The latest compromise agreement means that in all likelihood four years will have passed since the inquiry held its last public session before we get a redacted final report, quoting "gists" and carefully selected extracts from Blair's correspondence with George W Bush.
Elfyn Llwyd MP and Leanne Wood have called for the "unvarnished truth" to be published, and for the senior politicians involved to be held to account.
Adam Price and Elfyn Llwyd together tried to impeach Tony Blair. Here, as a reminder, is an article which Adam wrote in the Guardian back in 2004. It reads as true today as it did 10 years ago.
There is a long and noble tradition in Wales of opposition to militarism which is not confined to Plaid Cymru. Paul Flynn, Labour MP for Newport West, has also taken a very strong and consistent stand against the wars in Iraq and Afghanistan, and he is not afraid to dish it out to the bigwigs in his own party. Here he is on top form laying into Peter Jay.
By coincidence, this year is of course the centenary of the start of World War One, and thousands of events will be held to commemorate Britain's part in the slaughter. In Carmarthenshire the enterprising owner of Morfa Bay Adventure (stag and hen parties catered for, coasteering and a mud assault course) has opened a World War One Trench Experience, aided by a hefty grant from Carmarthenshire County Council.
The Trench Experience attracts lots of school parties, apparently, although anxious parents can rest assured that it is nothing like the real thing. If it were, the Health and Safety Executive would have shut it down.
Elsewhere barely a week passes these days it seems without some new war memorial, arboretum or heritage centre opening to recall the sacrifice of British troops, and if that was not enough, parades of troops returning from tours of duty have become a common occurrence in our towns - a practice which had all but died out.
In 2006 the then Labour Government introduced Veterans Day. Jim Devine, the Scottish Labour MP who was subsequently jailed for fraud, enthusiastically called for it to be made a public holiday, and Gordon Brown (yes, him again) upgraded the event to Armed Forces Day when he became Prime Minister in 2009.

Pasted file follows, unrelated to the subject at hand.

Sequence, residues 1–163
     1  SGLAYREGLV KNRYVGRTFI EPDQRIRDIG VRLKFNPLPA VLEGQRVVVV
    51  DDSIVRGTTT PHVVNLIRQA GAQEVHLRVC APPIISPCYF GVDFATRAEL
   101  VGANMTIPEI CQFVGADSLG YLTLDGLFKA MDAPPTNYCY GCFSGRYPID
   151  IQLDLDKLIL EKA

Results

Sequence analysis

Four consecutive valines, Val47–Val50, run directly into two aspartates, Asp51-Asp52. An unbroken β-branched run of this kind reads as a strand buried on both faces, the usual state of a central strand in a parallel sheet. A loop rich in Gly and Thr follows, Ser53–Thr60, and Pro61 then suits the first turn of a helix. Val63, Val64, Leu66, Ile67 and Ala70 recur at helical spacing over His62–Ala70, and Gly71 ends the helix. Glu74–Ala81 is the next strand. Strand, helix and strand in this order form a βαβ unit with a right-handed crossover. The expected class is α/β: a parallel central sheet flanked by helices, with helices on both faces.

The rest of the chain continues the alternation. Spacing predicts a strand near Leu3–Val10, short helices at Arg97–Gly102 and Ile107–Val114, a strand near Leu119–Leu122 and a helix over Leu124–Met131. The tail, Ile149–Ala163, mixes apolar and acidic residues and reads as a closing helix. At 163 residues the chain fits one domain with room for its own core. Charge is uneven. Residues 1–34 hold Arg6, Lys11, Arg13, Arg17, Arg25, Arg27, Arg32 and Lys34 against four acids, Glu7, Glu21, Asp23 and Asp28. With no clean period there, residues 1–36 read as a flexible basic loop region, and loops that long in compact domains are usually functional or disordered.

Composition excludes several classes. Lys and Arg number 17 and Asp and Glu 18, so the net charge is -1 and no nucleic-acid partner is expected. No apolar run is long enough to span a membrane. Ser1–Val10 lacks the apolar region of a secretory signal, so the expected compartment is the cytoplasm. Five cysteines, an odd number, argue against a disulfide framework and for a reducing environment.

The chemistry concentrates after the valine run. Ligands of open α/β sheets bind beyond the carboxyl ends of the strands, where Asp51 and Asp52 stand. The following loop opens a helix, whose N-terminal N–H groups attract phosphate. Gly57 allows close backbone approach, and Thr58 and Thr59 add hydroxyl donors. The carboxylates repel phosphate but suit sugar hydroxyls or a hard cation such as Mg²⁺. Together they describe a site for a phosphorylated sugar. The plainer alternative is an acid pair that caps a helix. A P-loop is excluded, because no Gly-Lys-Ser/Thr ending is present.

Back in the 1960s and 70s, most people if asked would probably have predicted that remembrance days, veterans parades and the rituals involving royals, bemedalled bishops and assorted generals in full fancy dress would gradually fade away, but the opposite has happened.
Commemorations now turn up in the most unexpected places. Switch on the telly to watch the Antiques Roadshow, and there's Fiona Bruce standing in front of the Menin Gate. Tune into the BBC's coverage of the Chelsea Flower Show, and there are lingering and mournful shots of the Help for Heroes show garden. It won't be long before we see the cast of Eastenders belting out "Pack up your troubles" down the Queen Vic.
There is no doubt that people who take part in these events do so with good intentions, whether it's a fund raising pub barbecue for Help for Heroes, another march-past, or getting young school children to witness the signing of the Armed Forces Covenant in Llanelli, but invariably these things are wrapped up in the Union Jack and turned into drum-beating jingoism.
How much of the money raised by the scores of military charities goes to help the people on the receiving end of British "liberal interventionism", such as the family of Baha Mousa, the Iraqi hotel receptionist murdered by a "large number" of British
With all the commemoration, tin rattling and flag waving going on, it's little wonder that we forget to remember the most important lessons.
In Alan Bennett's The History Boys a young teacher, Irwin, sums it up as he stands in front of a war memorial:
"The truth was, in 1914, Germany doesn't want war. Yeah, there's an arms race, but it's Britain who's leading it. So, why does no one admit this?
[Points to the names on the memorial]
"That's why. The dead. The body count. We don't like to admit the war was even partly our fault 'cause so many of our people died. And all the mourning's veiled the truth. It's not "lest we forget," it's "lest we remember." That's what all this is about — the memorials, the Cenotaph, the two minutes' silence. Because there is no better way of forgetting something than by commemorating it."